The Union Ninth Corps occupied the ground that is now Stevenson Ridge during the first week of the battle, and the Union Fifth Corps occupied it during the battle’s second week. Additionally, the Union Sixth Corps moved across part of the property. That’s ¾ of the Union army!
In their wake, the soldiers left extensive earthworks. Most of them were build by new troops following the army manual, so they look different than the works built by veterans on other parts of the battlefield.
They also dug an extensive system of trenches known as “covered ways.” These ditches let them bring supplies close to the front why still remaining protected by the topography as much as possible. That let them stay “under cover” (thus the name).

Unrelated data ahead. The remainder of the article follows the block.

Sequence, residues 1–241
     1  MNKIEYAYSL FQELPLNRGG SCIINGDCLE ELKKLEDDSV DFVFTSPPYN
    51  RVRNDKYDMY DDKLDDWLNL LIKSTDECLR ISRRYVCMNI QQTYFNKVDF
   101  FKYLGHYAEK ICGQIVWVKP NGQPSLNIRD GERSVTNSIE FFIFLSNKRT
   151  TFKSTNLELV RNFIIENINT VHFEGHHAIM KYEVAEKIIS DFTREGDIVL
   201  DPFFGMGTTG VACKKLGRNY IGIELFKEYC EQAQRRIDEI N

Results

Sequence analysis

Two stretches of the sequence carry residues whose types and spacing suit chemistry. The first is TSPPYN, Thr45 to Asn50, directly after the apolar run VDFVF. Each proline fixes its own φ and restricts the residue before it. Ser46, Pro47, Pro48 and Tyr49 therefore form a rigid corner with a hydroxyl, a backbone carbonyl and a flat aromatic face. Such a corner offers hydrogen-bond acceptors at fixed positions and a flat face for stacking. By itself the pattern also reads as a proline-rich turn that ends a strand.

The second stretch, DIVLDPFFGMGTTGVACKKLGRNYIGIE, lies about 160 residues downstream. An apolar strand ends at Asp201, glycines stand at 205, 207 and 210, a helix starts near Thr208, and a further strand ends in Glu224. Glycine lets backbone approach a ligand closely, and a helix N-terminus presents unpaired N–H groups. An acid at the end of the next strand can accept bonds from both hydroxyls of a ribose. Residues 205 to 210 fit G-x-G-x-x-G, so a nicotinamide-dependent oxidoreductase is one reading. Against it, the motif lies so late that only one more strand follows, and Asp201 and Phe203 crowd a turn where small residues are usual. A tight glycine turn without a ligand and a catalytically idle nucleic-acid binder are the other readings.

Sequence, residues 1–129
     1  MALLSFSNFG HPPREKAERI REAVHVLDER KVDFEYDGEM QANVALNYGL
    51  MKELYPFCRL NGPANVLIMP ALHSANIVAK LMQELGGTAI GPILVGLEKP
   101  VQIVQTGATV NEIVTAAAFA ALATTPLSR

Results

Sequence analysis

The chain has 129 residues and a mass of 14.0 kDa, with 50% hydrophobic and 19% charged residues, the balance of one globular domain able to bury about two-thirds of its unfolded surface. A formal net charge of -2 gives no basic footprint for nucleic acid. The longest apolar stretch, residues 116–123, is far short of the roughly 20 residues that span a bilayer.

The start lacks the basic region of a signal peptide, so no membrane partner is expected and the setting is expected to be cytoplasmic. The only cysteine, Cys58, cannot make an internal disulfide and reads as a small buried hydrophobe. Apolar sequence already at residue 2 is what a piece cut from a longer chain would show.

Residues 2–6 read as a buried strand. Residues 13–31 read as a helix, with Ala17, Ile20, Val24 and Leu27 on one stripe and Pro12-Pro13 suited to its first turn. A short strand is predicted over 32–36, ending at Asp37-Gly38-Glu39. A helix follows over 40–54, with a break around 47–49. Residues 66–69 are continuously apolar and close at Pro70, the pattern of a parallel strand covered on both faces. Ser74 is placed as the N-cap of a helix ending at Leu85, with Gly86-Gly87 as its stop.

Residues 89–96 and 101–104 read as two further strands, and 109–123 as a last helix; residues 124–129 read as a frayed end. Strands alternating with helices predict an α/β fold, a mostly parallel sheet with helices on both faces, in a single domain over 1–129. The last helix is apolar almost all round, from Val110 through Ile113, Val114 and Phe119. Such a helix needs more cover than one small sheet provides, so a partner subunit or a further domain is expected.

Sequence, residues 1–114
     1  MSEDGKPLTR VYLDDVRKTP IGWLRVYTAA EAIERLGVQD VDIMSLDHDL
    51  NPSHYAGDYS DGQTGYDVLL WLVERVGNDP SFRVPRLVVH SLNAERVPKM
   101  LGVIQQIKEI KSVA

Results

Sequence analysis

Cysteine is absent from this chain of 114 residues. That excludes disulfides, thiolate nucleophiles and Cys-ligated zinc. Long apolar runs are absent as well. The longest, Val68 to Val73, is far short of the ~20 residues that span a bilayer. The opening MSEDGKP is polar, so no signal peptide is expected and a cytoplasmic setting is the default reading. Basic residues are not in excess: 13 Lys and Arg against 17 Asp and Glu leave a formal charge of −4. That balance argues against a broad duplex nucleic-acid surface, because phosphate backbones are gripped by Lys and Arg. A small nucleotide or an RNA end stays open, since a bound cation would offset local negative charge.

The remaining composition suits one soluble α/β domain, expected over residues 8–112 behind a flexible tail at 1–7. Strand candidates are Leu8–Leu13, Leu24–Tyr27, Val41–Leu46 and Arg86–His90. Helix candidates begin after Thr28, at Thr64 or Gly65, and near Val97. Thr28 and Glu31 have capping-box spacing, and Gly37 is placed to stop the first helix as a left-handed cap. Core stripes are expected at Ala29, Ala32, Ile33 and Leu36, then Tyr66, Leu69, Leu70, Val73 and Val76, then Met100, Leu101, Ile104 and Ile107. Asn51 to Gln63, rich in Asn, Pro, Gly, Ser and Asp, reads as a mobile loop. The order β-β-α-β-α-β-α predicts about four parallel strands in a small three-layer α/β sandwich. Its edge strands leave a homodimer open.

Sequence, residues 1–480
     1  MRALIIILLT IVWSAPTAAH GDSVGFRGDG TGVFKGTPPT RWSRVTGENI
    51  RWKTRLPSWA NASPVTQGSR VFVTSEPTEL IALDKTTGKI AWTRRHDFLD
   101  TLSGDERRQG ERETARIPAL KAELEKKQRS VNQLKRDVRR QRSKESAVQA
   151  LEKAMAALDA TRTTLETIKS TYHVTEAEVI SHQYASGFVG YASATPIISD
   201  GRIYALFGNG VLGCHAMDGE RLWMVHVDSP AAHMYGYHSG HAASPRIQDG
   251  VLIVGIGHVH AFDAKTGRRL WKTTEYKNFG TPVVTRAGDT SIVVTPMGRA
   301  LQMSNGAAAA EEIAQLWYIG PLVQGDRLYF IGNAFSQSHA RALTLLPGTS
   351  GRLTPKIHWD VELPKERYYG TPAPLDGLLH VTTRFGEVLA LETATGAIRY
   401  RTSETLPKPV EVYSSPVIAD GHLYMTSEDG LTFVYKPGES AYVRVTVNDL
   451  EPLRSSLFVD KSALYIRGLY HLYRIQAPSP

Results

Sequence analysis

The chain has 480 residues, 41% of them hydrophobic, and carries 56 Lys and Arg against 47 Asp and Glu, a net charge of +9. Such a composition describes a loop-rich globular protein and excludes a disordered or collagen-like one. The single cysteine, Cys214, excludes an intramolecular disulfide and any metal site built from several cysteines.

While covered ways were commonly used later in the Overland Campaign and during the siege of Petersburg, they were rare earlier in the campaign. The covered ways we have at Stevenson Ridge are, we believe, the first instance of their use in the Eastern Theater, so needless to say, we’re pretty proud of that.
Overall, our earthworks are in such great condition that an earthworks specialist with the National Park Service called them the best-preserved works in private hands. We’re proud of that, too!
Guests at Stevenson Ridge can get a closer look at our earthworks through a special “earthworks tour.” The tour, conducted by our nationally renowned historian-in-residence, Chris Mackowski, costs $35 and lasts approximately 45 minutes. To arrange an earthworks tour during a stay at Stevenson Ridge, email us at email@example.com.